CFPB Research Affirms Payday Debt Trap
New research from the Consumer Financial Protection Bureau affirms inherent defects in payday loans
Center for Responsible Lending
March 25, 2014
Washington, DC –New research released today by the Consumer Financial Protection Bureau (CFPB) on payday lending affirms what CRL has long found about the inherent defects of payday lending and shows that payday loans create a debt trap that makes borrowers worse off. Among the new findings: Nearly three-fifths of monthly borrowers in the CFPB study were recipients of government benefits, including Social Security—and these borrowers were more likely to be stuck in long-term debt.
“This research validates all we know about the payday debt trap,” said CRL President Mike Calhoun. “The cycle of repeat borrowing triggered by payday loans is not incidental, but integral, to the lenders’ business model.”
The new research is released on the same day that CFPB Director Richard Cordray hosts a field hearing on payday lending in Nashville, Tennessee. In his remarks, Director Cordray says, “… all too often those loans lead to a perpetuating sequence. That is where the consumer ends up being hurt rather than helped by this extremely high-cost loan product.”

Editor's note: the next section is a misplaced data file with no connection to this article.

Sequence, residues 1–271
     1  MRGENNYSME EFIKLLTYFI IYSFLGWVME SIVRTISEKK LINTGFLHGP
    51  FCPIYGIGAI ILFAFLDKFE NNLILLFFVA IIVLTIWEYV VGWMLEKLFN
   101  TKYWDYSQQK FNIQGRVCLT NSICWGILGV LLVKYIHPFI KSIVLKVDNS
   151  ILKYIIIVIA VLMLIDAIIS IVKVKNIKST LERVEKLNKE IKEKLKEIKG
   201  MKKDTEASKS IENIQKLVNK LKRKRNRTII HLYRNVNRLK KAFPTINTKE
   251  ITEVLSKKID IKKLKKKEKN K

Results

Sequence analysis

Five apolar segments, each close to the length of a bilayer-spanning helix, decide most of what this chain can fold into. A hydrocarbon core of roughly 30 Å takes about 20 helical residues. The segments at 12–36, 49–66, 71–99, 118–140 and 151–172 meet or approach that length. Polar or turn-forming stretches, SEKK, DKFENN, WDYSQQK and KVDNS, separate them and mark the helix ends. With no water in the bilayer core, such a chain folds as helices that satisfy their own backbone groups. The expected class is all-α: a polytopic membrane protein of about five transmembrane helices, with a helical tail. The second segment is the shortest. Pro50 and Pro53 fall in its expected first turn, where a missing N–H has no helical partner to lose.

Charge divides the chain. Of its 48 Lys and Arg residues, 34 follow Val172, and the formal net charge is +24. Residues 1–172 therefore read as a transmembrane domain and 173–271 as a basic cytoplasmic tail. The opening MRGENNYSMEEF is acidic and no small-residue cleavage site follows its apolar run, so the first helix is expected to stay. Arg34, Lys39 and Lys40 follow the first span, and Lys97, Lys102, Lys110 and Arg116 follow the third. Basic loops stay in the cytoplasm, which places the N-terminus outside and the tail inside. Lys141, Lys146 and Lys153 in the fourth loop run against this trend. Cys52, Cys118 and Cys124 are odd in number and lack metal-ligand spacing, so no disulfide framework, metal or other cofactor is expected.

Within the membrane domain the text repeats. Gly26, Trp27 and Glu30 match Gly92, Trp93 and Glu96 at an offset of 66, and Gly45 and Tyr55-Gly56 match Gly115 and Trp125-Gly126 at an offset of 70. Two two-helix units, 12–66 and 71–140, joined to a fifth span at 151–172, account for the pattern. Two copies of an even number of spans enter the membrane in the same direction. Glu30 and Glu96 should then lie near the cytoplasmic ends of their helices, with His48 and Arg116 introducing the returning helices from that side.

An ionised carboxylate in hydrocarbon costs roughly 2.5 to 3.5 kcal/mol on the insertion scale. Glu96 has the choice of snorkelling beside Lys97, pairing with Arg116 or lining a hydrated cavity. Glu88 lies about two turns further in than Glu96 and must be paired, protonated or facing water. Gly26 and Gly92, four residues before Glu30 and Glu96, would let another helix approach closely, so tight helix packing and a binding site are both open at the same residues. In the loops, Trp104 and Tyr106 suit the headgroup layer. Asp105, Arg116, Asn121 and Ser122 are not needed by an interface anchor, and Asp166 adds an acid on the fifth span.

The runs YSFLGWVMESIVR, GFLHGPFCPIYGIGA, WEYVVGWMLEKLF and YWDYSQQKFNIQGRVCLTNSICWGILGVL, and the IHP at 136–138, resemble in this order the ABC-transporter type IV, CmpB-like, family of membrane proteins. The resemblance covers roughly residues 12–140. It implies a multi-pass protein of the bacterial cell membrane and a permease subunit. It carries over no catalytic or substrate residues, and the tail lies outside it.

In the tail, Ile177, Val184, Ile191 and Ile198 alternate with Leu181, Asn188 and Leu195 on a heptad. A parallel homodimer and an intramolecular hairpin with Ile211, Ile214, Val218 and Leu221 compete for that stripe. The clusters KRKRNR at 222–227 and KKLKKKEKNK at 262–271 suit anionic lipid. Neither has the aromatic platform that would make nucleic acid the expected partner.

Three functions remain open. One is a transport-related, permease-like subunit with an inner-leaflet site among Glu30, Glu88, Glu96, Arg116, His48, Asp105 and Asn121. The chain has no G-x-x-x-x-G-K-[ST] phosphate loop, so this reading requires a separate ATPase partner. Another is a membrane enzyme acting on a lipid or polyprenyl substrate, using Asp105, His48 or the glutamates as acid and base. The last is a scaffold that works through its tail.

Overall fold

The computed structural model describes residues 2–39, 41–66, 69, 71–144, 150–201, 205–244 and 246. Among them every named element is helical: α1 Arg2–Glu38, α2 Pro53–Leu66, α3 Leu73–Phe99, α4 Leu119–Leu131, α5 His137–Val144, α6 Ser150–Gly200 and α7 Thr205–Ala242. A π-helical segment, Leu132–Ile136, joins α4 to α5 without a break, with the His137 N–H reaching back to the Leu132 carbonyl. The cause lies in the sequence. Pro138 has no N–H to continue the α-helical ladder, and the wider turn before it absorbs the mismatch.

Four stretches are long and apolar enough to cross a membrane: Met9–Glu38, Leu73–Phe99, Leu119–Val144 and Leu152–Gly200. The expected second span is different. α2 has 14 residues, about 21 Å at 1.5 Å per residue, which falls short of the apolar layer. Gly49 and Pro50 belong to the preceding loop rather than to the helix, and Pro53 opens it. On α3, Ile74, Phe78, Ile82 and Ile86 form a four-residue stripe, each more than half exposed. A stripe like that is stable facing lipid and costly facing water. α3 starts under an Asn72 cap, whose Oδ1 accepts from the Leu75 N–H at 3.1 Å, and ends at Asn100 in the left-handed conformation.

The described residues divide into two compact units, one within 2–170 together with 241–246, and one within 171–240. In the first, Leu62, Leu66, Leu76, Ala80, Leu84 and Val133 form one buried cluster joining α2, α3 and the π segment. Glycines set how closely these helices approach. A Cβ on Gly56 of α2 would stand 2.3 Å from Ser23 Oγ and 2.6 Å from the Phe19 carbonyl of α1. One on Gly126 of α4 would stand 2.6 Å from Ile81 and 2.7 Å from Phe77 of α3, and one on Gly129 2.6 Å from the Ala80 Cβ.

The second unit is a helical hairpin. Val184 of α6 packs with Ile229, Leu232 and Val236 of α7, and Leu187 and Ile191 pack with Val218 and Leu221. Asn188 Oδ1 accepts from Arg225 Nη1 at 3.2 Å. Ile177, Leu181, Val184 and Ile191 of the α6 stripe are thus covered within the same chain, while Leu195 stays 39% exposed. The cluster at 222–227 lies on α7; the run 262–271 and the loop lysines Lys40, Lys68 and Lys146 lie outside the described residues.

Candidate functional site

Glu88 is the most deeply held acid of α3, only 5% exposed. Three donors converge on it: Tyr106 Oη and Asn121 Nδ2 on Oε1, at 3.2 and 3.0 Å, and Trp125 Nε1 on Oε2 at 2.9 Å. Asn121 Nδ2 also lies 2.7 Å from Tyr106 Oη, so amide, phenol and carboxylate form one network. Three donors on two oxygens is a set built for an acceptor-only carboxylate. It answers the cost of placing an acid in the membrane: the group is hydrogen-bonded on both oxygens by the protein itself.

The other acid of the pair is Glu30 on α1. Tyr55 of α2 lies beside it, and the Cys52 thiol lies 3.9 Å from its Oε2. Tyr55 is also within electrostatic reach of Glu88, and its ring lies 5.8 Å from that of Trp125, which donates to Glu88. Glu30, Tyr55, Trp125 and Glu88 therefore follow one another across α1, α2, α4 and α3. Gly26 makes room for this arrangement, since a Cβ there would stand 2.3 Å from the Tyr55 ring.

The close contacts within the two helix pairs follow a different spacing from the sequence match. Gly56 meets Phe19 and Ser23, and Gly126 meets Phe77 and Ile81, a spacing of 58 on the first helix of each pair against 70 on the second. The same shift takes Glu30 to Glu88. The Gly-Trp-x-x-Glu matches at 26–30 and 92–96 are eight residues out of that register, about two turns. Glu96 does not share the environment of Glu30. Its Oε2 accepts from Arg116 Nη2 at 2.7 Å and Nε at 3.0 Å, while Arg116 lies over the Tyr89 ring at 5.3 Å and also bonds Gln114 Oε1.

In an op-ed published in the Tennessean this week, Calhoun also describes the multiple costs of payday lending for families and communities. “Payday borrowers are at high risk of losing their bank account, becoming delinquent on other debts and filing for bankruptcy,” Calhoun wrote. “When families are burdened by crushing debt and headed toward financial ruin, they can’t contribute to the local economy.”
CRL has long studied payday lending and published extensive research and policy papers revealing the predatory nature of the loans. In today’s CFPB hearing in Nashville, CRL legislative counsel Oneshia Herring will testify on the defective payday business model and on multiple actions taken by state and federal regulators to curb payday lending. She points out that not a single state has legalized payday lending since 2005, while several have curbed the harmful practice. The few banks that made payday loans have recently exited the business in the wake of new guidelines from federal banking regulators.
More information about payday lending can be found on CRL’s website.
The CFPB report is based on data from a 12-month period and over 12 million storefront payday loans. It is part of an existing report published a year ago about payday loans and similar products. During the field hearing, Director Cordray noted that the CFPB was in the “late stages” of considering a rule on payday ending.
For more information, contact Catherine An, firstname.lastname@example.org, 202-349-1878
About the Center for Responsible Lending
The Center for Responsible Lending is a nonprofit, nonpartisan research and policy organization dedicated to protecting homeownership and family wealth by working to eliminate abusive financial practices. CRL is affiliated with Self-Help, one of the nation's largest community development financial institutions.